Afghanistan,  Stateside,  Vote 2012

Occupy Kabul

Via Terry Glavin comes the news that the Occupy protest movement that began at Wall Street in New York has now reached as far as Kabul, Afghanistan.

Terry quotes from one of the Afghan protesters who makes it clear that– notwithstanding the simple-minded “antiwar” Left– it is possible simultaneously to:

a) Be grateful to the countries and soldiers that helped liberate Afghanistan from the brutal Taliban regime; and

b) Oppose the corrupt, undemocratic Karzai regime.

As for the larger Occupy movement, normblog makes the point that it needs to formulate specific demands if it is to have any influence, and that– contrary to what some supporters are saying– the lack of a specific agenda is not a positive feature.

One problem with such protests is that the focus of attention is too often on the behavior of the protesters rather than on the issues they purport to be concerned about– which, as I noted in a previous post, are acknowledged even by some Wall Street heavy hitters themselves.

I agree with Paul Sracic, a political science professor at Youngstown State University in Ohio, who wrote that in democratic countries, old-fashioned electoral politics are the most effective way to produce meaningful change:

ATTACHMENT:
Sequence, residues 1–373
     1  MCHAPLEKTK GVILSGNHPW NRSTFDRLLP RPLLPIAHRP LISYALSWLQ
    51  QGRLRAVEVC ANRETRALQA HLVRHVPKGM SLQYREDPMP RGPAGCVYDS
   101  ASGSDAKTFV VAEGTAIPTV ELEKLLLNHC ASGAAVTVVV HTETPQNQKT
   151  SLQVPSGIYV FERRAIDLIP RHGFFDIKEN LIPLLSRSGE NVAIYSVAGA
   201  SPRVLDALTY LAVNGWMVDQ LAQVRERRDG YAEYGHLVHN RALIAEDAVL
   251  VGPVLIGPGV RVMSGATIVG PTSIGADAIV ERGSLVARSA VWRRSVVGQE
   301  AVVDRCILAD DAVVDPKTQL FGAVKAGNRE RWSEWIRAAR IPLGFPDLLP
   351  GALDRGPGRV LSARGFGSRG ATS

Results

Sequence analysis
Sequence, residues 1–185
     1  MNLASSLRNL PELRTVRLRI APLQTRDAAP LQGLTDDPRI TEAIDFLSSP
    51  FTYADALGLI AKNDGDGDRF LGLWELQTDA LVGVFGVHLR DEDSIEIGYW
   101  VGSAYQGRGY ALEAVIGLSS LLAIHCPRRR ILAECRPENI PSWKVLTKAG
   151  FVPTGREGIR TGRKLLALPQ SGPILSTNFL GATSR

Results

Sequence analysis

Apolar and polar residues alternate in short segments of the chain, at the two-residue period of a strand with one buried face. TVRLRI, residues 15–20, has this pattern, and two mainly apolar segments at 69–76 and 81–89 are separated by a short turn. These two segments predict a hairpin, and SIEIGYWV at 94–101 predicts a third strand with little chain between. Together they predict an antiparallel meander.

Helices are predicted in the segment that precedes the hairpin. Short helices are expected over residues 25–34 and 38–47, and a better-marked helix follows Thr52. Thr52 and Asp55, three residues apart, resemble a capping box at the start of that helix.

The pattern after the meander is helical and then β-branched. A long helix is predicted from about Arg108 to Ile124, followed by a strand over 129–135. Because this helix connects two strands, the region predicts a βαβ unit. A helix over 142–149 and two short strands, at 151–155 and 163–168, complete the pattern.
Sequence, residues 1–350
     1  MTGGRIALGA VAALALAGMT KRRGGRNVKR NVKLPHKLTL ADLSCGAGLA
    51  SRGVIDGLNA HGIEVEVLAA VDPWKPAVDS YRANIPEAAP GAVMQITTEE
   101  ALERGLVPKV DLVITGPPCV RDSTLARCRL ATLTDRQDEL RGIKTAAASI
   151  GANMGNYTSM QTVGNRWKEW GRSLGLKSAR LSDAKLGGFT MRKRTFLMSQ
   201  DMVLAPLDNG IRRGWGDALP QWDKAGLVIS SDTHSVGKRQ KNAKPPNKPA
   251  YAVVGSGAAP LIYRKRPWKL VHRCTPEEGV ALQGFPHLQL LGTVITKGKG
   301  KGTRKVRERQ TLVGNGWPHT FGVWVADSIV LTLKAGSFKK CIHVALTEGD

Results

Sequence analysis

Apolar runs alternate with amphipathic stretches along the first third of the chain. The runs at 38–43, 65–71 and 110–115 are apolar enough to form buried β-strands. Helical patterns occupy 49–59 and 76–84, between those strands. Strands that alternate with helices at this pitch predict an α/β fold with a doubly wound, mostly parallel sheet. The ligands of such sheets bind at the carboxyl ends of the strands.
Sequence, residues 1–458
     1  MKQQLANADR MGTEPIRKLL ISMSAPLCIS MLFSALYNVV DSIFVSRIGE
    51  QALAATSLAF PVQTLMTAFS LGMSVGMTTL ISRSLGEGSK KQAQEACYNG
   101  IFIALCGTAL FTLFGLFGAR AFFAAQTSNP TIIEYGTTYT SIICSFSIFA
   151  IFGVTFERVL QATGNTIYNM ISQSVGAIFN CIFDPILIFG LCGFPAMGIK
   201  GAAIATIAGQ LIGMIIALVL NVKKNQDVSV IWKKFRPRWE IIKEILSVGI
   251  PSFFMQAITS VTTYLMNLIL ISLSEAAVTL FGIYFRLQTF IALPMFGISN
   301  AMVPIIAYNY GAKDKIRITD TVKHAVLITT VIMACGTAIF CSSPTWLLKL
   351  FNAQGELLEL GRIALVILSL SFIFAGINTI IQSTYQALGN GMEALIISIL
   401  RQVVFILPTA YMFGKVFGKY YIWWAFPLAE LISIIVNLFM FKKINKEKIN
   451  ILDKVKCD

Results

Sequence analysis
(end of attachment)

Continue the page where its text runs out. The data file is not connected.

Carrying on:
[H]ere’s the rub: Occupations and rallies are fun. Electoral politics is hard. The rules are complex, and so are the voters. A gathering in the street has a lot in common with a party. Running for office and working for a candidate is like a 9 to 5 job.

And getting involved in the political process forces you out of your comfort zone. Instead of hanging out with a few hundred — or a few thousand — people who basically agree with you, you have to confront and perhaps persuade those who don’t agree with you. In the process, however, you will learn more about democracy then you will at any teach-in.

So my suggestion to Occupy Wall Street and their affiliates throughout the country is to pay as much attention to their 15th Amendment right to vote as they do to their 1st Amendment right to peaceably assemble. In other words, get out of your sleeping bags and onto the ballot!

The Occupy Kabul protesters are struggling for the right to engage is honest, corruption-free, coercion-free electoral politics.

Here in southwest Virginia, The Roanoke Times reported last week on an Occupy Virginia Tech rally, including this photo of counterprotesters driving past waving a sign saying “Go home hippies”:

From left are Mr. Danger, Beakerkin, mesquito and Biff Larkin, AFC.

Update: This is interesting. After initially bashing the protesters, leading Republicans have gone all wobbly and are now saying they understand their frustration, and are even echoing some of their concerns.


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